1. Focus on high-priority patients. In many Aledade ACOs, partner practices are reaching out to high-priority patients via phone call, email, or mail. High-priority patients are those who frequently visit the Emergency Department (ED), have been recently hospitalized, or are on the chronic care management worklist. Many ACOs are running phone banks, where Aledade staff or contractors call high-priority patients to inform them about their practice’s hours around the holidays. They also remind the patients about same day/next day appointments, the availability of an on-call provider 24/7, and the flu shot. Almost all of our partner practices are hanging Home for the Holidays posters and mailing postcards or emailing high-priority patients. These materials are customized with the practice’s office hours and holiday closures, as well as any specific after-hours information.

2. Reach out to high-risk patients under care management to make sure they have everything they need to avoid a visit to the local hospital. If they are frequent ED users, consider bringing them in for a visit, especially if they lack social support.

3. Take the time to update voicemail with holiday closing and on-call coverage information so patients and families know when you will be available for them. Try to avoid recordings that advise patients to go directly to the ER, rather, encourage them to call the on-call provider and if necessary, go to urgent care.

4. Ask your team to ensure that prescription refills are up-to-date for patients on your “worry list” and or reach out to local pharmacies who may be willing to fill your patients’ prescription by protocol for a short time if your office is closed.

5. Share your closing message about holiday plans through waiting room posters, mailings, website/patient portal, social media, or better yet with a friendly reminder in person with each office visit. The materials mentioned above can be a great place to start!

We know that the holidays can be stressful for some of your patients but hope that you will find a way to help them stay safe and at home while you and your staff enjoy some well-deserved time with your own families.

Download Customizable Poster & Flyer Template

Deborah C. Stamps, Marcella L. Carr, Holiday Season for a Healthy Heart, Critical Care Nursing Clinics of North America, Volume 24, Issue 4, December 2012, Pages 519-525, ISSN 0899-5885, http://dx.doi.org/10.1016/j.ccell.2012.07.007.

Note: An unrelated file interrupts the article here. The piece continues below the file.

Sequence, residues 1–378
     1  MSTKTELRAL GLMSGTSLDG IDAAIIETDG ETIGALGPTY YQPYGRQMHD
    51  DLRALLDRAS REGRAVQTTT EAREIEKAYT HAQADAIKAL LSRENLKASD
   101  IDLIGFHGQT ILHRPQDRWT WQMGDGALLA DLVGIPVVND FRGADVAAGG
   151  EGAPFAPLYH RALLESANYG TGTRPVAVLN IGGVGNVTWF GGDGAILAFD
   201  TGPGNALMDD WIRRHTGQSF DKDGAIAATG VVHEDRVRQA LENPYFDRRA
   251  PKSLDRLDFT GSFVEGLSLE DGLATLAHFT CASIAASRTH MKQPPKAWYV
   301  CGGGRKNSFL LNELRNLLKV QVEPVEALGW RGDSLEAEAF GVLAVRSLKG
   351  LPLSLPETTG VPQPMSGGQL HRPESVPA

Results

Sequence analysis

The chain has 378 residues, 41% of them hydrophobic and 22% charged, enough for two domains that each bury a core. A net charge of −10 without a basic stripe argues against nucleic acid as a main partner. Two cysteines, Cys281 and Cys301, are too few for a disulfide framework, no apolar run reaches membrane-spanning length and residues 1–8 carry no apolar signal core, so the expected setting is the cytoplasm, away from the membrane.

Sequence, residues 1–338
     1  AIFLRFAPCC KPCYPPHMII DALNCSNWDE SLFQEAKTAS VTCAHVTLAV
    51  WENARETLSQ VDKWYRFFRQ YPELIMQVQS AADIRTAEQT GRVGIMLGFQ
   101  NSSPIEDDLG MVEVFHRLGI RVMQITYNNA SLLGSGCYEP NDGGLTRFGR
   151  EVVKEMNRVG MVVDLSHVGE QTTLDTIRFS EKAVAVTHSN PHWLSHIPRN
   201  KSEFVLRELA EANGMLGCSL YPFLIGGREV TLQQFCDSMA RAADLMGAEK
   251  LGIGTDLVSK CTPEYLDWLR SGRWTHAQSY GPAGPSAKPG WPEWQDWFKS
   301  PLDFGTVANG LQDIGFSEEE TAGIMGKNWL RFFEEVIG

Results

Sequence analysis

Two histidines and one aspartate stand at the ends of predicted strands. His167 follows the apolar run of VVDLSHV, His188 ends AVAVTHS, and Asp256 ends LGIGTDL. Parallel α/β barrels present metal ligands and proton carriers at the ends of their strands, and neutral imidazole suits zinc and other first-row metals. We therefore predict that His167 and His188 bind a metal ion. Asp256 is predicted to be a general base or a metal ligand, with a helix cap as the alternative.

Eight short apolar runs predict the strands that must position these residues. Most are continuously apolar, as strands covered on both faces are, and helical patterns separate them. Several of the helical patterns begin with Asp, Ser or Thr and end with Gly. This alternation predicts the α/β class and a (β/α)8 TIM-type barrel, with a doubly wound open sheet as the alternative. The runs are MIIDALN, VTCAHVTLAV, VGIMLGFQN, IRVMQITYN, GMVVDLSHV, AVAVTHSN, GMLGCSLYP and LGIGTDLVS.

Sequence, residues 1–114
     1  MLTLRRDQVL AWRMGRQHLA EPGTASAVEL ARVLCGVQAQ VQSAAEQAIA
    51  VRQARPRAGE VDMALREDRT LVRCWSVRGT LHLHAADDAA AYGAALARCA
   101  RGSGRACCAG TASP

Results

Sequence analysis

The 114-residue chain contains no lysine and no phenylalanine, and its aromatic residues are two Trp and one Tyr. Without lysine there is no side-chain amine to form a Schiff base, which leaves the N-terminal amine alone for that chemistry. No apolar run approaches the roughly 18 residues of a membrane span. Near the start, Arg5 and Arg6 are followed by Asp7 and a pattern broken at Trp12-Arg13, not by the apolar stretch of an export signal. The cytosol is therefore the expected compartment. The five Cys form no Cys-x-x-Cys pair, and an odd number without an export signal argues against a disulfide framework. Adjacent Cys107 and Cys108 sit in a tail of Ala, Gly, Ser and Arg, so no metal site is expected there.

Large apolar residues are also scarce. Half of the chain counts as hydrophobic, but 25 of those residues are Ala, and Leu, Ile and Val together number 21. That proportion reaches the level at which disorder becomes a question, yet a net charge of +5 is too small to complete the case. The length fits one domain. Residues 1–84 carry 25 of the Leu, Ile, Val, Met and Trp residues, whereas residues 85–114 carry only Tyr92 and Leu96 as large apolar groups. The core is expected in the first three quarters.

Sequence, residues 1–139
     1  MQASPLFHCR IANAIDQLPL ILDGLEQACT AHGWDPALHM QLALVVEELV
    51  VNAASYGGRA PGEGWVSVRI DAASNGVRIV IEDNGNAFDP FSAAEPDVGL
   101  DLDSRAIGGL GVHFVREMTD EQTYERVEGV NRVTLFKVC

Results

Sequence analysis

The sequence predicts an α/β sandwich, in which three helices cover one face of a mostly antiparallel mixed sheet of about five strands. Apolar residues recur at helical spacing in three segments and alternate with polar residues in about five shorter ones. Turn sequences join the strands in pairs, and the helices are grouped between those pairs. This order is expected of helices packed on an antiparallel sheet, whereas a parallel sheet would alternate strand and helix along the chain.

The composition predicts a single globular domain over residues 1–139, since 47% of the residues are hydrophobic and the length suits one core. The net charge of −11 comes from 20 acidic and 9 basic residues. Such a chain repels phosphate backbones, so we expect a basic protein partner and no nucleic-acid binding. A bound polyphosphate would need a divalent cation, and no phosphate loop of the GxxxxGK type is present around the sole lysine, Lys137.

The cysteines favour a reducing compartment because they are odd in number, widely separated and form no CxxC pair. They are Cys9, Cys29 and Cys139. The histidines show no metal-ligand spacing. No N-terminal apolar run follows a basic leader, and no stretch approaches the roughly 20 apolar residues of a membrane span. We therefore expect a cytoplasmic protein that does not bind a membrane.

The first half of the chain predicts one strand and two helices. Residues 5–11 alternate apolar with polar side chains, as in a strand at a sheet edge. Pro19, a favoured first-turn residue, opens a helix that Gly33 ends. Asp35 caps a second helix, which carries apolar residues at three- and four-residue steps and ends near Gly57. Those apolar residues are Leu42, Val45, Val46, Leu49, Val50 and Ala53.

David P. Phillips, Jason R. Jarvinen, Ian S. Abramson and Rosalie R. Phillips Cardiac Mortality Is Higher Around Christmas and New Year’s Than at Any Other Time: The Holidays as a Risk Factor for Death Circulation. 2004;110:3781-3788, http://dx.doi.org/10.1161/01.CIR.0000151424.02045.F7.

Today, we submitted to CMS our comments on the proposed changes to the Medicare Shared Savings Program. This year represents the second major revamp to the program and comes with a new name, Pathways to Success. On the whole we believe the ACO program is going to be stronger than ever before. Below are our full comments on the proposed regulation. Fair warning these are technical comments on a 600+page regulation so there are a few words more than a normal blog. For more background on what CMS is proposing we encourage you to take a look at our overview of the proposed changes and our deeper dive into the benchmark changes.

Aledade (www.aledade.com) partners with 339 primary care physician practices, FQHCs and RHCs in value-based health care. Organized into 20 accountable care organizations across 24 states, these primary care physicians are accountable for over 320,000 Medicare beneficiaries. More than half of our primary care providers are in practices with fewer than 10 clinicians. We are committed to outcome-based approaches to determine the value of health care. We are committed to using technology, data, practice-transformation expertise and, most important, the relationship between a person and their primary care physician to improve the value of health care.

We appreciate CMS’s effort to continue to align MSSP’s financial incentives with value creation in Medicare. Better alignment means that savings accrue from unnecessary hospitalizations that were avoided, wasteful testing that was eliminated, uncontrolled diabetes that become managed, and better quality of life for Medicare beneficiaries. Poor alignment can leave savings up to chance, or worse, contingent upon stinting and cost shifting or other factors that do not positively affect the lives of Medicare beneficiaries.  We offer our comments on increasing financial alignment and increasing participation in the Medicare Shared Savings Program (MSSP) so that more Medicare beneficiaries can receive the benefits of lower costs and higher quality that physician-led ACOs offer.